On July 30, 2014, the Ontario Superior Court granted an appeal to a subsidiary of Cliffs Natural Resources Inc. (“Cliffs”), setting aside a decision made by the Ontario Mining and Lands Commissioner (“MLC”). The appeal concerned a request for an order to dispense with consent, pursuant to s. 51 of the Mining Act (Ontario) (the “Act”), for an application by Cliffs for an easement under s. 21 of the Public Lands Act. The easement would allow Cliffs to build a road to its chromite deposits in the “Ring of Fire” in northern Ontario. The proposed road would pass over Crown land containing unpatented mining claims held by Canada Chrome Corporation (“CCC”), a subsidiary of KWG Resources Inc. Section 51 of the Act requires that an applicant obtain the consent of a claim holder in order to acquire an surface rights over Crown land. CCC refused to consent to the easement on the grounds that Cliffs’ proposed road would undermine its priority to the surface rights and interfere with its plans to build a railway on the same land.

The appeal was granted on the basis that the MLC decision gave unreasonable interpretation to ss. 50 and 51 of the Act. The MLC specifically erred in ruling that s. 50(2) of the Act does not apply to unpatented mining claims on Crown land. Consequently, its interpretation of s. 51(1) of the Act granted CCC unreasonably broader surface rights than those attributed to unpatented mining claims holders in s. 50(2) of the Act.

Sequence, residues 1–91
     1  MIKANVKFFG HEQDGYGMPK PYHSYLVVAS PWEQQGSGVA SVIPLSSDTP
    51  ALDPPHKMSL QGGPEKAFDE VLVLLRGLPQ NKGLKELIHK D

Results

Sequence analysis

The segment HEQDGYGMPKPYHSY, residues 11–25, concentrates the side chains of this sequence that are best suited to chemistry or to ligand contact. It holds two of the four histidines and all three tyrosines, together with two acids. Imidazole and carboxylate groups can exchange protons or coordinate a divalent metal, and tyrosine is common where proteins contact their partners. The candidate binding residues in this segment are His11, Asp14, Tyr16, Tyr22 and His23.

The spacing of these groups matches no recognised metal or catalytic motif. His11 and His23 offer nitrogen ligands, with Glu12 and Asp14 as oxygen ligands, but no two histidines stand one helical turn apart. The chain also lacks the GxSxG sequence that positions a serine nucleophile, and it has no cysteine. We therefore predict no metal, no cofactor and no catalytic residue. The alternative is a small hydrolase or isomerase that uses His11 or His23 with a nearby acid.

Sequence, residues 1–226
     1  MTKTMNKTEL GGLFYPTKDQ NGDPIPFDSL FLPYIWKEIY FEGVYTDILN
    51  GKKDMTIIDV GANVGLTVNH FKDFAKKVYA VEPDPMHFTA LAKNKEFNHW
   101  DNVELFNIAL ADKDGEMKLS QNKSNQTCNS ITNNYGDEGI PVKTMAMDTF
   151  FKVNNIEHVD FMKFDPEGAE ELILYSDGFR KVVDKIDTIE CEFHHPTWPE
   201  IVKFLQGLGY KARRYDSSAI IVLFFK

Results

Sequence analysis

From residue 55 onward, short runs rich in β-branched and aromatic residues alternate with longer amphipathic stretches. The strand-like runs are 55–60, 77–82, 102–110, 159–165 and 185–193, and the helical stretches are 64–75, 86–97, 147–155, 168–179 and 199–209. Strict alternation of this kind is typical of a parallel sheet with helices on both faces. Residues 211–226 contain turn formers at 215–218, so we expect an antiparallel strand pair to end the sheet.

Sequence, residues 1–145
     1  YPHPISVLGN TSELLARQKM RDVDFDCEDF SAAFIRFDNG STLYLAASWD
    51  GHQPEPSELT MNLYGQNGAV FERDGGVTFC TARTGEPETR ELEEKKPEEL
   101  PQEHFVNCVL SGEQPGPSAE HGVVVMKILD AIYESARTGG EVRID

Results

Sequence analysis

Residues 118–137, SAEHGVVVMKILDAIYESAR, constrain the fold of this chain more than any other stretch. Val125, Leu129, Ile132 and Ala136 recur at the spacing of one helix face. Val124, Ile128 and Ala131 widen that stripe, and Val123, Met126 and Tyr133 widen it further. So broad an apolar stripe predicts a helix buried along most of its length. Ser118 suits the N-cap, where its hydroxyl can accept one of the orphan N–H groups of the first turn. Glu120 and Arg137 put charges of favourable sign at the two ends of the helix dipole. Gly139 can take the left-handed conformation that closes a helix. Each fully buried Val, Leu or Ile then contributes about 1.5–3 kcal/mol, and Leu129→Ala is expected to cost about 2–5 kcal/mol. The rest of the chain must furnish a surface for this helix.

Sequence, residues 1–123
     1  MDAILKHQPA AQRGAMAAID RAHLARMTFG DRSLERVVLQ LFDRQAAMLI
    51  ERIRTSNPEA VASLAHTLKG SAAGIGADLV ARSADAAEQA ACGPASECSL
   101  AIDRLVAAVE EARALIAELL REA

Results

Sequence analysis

Section 50(2) of the Act gives claims holders the right to enter, use and occupy the surface, but only for the purposes of prospecting and development. By discounting this provision, the Court held that the MLC failed to consider the restrictive nature of unpatented claims holders’ surface rights. That led the MLC to examine the conflicting priorities of CCC and Cliff’s proposed uses of the surface land. This interpretation was inappropriate as CCC did not have the legitimate right to use the surface for any purpose other than exploration or development of a mine.

Additionally, the Court found that the MLC erred in its interpretation of s. 51(4) of the Act, which gives the MLC authority to dispense with consent. The MLC’s interpretation of this provision had two flaws. Firstly, it was incorrect to require Cliffs to prove that its proposed use of the land was in the public interest. Secondly, the MLC was wrong to suggest that having a minimal impact on the claim holder’s rights is sufficient to reject the order. Such an interpretation is inconsistent with MLC jurisprudence and offends the legislature’s intention that mining lands employ multiple uses whenever possible.

The Court also found that the MLC’s analysis did not properly engage the evidence before it. The appeal suggested that the MLC should have reviewed CCC’s proposed mining exploration against any evidence of actual or probable impact that Cliffs’ proposed road would have on those activities. Pursuant to s. 133 of the Act, the Court not only granted the appeal, but ordered that consent be dispensed with. CCC has already served notice of its intent to challenge the appeal decision. Should the Court’s order stand, Cliffs may proceed with its application for an easement, which still includes environmental assessment and consultation with other interested parties, such as First Nations.

Ultimately the decision of whether Cliffs’ easement will be granted rests with the Minister of Natural Resources. The process is ongoing, giving CCC many further opportunities to oppose the application for easement based on the legitimate protection of its mining claims.